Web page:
In the merry pursuit of ancestry, leaping lightly from twig to twig on the family tree, we tend to lose sight of the fact that an ancestor is a person from whom one is directly descended. That is, by blood, which is why an Ancestry Chart is sometimes referred to as a Blood Descent. A correctly produced Ancestry Chart includes all lines of ascent through male and female lines.
For genealogical purposes, the term family includes all people of the same name and blood descended from a common male-line ancestor. This is quite different from the everyday usage of the term, which includes close relatives of both father and mother and grandchildren by both sons and daughters.
These days, the study of family history covers research into one’s forebears, often with the object of putting together a narrative history for the benefit of living relatives and future generations. An ideal narrative history should place the family members in the context of their times, giving an insight into their life events.
Since the number of ancestors doubles with each generation, there are more than enough direct ancestors to research without starting on collateral lines. Sometimes, of course, a ‘sideways search’ might help in identifying a problem ancestor.
The photograph below shows a group of my HAMILTONs: of those included, only my great grandfather, great grandmother and their son, my grandfather, are my direct ancestors. The others are my grandfather’s siblings.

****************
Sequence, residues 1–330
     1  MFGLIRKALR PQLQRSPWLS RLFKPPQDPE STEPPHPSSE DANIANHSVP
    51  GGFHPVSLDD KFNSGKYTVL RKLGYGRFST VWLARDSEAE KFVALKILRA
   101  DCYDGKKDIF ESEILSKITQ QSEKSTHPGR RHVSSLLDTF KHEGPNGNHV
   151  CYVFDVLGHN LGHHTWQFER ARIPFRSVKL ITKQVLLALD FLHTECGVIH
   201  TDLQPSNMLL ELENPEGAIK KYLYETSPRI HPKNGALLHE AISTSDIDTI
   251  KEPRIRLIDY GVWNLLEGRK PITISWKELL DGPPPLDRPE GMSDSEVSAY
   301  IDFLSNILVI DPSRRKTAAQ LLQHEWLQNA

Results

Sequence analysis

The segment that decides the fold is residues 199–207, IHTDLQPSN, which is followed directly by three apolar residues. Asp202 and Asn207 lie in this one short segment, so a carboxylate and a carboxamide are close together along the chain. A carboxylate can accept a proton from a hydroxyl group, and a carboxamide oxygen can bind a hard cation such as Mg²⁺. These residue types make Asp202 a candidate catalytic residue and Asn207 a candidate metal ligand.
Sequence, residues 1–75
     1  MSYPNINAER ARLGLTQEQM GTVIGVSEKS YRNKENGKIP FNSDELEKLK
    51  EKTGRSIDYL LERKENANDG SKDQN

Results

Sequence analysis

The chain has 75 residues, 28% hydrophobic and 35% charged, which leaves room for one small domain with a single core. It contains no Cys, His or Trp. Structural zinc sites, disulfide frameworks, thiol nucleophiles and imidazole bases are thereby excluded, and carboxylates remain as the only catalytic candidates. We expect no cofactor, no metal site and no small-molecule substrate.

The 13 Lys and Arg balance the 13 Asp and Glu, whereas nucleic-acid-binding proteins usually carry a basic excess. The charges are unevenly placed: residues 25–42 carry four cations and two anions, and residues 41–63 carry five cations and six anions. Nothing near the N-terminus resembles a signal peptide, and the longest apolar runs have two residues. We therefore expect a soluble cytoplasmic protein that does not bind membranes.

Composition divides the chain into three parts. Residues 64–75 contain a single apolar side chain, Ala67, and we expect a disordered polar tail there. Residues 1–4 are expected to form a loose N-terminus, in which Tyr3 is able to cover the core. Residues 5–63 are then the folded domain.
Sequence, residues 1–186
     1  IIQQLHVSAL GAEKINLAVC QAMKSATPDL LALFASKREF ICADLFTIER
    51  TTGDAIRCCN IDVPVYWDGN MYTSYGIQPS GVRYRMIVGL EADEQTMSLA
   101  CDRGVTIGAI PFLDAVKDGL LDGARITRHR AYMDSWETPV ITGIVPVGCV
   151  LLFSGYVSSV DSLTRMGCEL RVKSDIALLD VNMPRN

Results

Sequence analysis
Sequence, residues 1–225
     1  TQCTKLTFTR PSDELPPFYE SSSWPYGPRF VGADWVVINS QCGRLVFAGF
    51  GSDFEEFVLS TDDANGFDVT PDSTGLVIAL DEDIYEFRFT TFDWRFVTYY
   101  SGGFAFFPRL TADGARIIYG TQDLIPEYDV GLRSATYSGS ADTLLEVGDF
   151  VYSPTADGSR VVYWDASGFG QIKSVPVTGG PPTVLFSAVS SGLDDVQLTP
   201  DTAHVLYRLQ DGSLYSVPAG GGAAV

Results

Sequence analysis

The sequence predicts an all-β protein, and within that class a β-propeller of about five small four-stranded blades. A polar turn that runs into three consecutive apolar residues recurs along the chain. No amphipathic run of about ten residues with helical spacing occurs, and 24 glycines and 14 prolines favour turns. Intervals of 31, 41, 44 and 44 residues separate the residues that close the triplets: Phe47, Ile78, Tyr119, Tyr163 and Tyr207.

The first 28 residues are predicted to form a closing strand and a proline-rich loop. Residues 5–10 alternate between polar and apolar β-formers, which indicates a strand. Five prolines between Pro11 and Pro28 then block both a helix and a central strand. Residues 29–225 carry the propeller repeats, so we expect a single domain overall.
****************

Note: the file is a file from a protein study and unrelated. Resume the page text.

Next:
|Hamiltons of Stevenston, Ayrshire|
A few quick searches on ScotlandsPeople provide information on all of them – but where does it all end? Do I proceed further forward to the next generation and the next, in each case? There has to be some consideration of time and costs in such an exercise.
The alternative is to stick to the direct line and use the extra time for in-depth research into the people from whom I truly descend. Disadvantage: going that route you could miss a wealth of interesting stories and some weird and wonderful distant cousins.
While on the subject, descendant is another term bandied about indiscriminately. A descendant has a proven descent from a particular ancestor. I have used this example before, but it’s a good one: nobody could describe themselves as a descendant of the poet John Keats, who had no children and therefore has no descendants. Ergo, a person descended from Keats’s brother cannot refer to Keats as his ancestor nor to himself as a descendant of Keats. (With apologies to Terrick FitzHugh for mangling his perfect prose.)